FAO Newsdesks - 9th July 2001
CAAT Concerned Government Lacks 'Credibility' at UN Arms Conference
CAAT is concerned that the UK minister attending the United Nations Small Arms Conference (which starts today), will have her credibility undermined by today's second reading of the UK's Export Control Bill. Richard Bingley of CAAT said:
"The UN desperately needs weapons controls to be rigorous and implemented by member states around the globe because the availability of arms such as rifles, mortars and machine guns persistently unhinge UN development work and attempts at conflict resolution."
However, the UK Export Bill, so far, fails to address the immediate concerns shared by the UN towards the unaccountable transfers of military equipment around the world. Firstly, monitoring of exports of UK's licensed production abroad is explicitly omitted from the Bill.* Secondly, controls to check the 'end use' of the UK's military exports are not being introduced.
New Foreign Office Minister Ben Bradshaw participated in a "symbolic arms destruction event" for the media on 3rd July. CAAT welcome Mr Bradshaw promoting the importance of the UN Conference.
CAAT's spokesman added:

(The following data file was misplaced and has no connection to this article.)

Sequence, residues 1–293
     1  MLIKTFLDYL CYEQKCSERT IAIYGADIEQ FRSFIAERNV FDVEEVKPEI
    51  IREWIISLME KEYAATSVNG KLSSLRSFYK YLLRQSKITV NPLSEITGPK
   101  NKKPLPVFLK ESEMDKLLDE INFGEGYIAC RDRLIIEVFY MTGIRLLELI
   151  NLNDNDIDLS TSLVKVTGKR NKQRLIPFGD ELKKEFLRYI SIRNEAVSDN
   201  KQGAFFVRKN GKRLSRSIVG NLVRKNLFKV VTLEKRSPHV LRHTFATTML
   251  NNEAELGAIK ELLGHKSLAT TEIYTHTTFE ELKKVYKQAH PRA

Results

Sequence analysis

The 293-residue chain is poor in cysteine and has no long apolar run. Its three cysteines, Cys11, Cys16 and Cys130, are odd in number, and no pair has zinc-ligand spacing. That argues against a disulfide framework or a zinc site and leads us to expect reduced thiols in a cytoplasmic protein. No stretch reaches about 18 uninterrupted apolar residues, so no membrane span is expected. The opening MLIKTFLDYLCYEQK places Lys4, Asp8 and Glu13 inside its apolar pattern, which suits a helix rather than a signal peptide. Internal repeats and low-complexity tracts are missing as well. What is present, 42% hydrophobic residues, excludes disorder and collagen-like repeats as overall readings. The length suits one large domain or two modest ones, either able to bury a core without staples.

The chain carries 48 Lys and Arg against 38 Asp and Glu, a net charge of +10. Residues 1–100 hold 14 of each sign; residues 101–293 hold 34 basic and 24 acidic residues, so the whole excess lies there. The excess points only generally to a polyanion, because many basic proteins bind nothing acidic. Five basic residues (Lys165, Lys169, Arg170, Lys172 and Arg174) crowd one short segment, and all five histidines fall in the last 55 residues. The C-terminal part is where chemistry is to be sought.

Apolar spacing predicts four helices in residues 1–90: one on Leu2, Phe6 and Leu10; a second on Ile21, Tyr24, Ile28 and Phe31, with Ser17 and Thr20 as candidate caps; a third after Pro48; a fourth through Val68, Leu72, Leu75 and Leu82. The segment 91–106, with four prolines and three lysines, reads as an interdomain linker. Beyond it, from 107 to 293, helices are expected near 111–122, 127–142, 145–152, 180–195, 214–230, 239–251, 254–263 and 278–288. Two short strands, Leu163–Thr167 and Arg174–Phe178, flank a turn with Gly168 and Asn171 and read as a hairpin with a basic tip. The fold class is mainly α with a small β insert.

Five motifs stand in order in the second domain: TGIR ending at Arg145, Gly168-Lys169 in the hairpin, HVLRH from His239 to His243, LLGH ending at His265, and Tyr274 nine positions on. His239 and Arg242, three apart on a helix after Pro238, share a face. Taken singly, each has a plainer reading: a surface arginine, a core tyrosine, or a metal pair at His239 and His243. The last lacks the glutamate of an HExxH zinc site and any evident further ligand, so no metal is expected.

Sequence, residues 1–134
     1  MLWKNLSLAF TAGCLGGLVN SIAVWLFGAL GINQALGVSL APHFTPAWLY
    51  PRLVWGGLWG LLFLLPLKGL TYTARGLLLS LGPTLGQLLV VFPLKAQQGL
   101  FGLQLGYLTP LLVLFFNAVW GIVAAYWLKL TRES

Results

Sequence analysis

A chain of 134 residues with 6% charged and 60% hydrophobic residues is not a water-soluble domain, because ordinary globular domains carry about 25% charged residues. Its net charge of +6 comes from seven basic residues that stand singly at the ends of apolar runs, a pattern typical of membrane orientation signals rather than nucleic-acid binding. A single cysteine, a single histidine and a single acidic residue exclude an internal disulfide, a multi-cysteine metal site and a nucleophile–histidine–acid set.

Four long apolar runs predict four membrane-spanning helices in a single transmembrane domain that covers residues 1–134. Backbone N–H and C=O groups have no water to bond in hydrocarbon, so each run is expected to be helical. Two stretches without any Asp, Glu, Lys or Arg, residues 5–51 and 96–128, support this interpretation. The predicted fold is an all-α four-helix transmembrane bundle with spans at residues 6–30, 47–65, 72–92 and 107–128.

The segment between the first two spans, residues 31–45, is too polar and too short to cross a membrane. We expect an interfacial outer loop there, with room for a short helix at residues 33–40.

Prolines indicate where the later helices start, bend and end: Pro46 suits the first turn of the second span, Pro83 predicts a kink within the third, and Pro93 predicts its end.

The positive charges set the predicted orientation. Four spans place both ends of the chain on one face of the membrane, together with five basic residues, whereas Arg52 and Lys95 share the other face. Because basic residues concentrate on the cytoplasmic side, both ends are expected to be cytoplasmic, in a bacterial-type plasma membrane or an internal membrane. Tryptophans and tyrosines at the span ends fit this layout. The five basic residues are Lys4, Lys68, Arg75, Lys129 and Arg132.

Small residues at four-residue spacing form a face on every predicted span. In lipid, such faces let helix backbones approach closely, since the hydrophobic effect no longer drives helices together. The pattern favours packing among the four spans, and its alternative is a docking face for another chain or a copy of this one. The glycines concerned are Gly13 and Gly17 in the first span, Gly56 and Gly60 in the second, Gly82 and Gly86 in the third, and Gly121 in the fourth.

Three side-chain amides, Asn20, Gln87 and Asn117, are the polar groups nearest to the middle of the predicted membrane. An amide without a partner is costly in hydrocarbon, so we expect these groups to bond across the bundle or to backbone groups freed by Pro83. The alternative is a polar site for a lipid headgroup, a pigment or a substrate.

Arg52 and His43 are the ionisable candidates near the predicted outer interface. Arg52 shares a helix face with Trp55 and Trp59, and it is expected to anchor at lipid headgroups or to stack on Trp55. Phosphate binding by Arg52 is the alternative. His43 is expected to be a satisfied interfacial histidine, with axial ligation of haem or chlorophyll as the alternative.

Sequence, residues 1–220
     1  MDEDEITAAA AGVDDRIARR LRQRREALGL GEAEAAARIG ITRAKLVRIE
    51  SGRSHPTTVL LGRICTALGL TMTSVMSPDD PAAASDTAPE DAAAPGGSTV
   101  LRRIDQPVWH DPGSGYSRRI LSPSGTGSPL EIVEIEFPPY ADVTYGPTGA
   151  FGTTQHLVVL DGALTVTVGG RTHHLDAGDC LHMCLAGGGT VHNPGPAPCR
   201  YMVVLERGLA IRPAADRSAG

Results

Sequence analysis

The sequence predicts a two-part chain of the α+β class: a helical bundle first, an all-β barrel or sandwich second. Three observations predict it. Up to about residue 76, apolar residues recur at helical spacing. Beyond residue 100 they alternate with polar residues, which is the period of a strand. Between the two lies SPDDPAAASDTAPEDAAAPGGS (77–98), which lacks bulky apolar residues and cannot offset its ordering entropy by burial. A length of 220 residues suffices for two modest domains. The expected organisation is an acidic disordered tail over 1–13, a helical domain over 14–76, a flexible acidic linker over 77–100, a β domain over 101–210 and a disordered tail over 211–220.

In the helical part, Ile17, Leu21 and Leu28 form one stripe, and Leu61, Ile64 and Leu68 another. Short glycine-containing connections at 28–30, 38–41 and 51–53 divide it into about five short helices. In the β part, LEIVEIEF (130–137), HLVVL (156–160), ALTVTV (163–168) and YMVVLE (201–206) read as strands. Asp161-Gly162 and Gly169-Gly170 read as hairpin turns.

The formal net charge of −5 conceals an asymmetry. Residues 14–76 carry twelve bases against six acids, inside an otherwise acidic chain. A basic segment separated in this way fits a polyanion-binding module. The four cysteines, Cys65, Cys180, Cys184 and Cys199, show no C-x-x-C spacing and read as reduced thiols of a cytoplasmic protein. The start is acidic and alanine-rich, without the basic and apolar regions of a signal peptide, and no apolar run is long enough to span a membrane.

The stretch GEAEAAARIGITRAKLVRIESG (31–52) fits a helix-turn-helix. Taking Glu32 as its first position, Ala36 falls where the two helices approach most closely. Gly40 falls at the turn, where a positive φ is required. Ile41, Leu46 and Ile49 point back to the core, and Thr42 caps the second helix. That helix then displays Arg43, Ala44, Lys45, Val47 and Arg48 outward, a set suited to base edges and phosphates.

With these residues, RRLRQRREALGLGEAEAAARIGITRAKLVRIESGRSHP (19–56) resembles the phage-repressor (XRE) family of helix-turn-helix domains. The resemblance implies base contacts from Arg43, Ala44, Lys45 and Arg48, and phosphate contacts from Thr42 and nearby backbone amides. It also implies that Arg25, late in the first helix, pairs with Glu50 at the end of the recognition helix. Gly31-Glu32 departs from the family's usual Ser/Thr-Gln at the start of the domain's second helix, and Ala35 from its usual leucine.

"Nevertheless, we are fearful that unless substantial transfer controls are instituted by the UK government in its own Bill, then other positive actions that might come from the UN Conference - such as the mandatory marking of weapons at the point of manufacture - will be implemented in vain. Weapons will still continue to fall into areas of conflict and human rights abuse, marked or not."
THE UK is a key participant at the UN Conference. The UK supplies 20-25% of all legally traded arms and military equipment, making it the world's second largest arms supplier after the United States.
For further information on the Export Control Bill and UN Conference please contact Richard Bingley on +44-(0)-20 7281 0297 or 07947 230426.
*Military production licensed abroad by UK companies, often in countries with relaxed export laws. For example, Heckler & Koch gun production in Turkey is a subsidiary of UK's BAE Systems plc.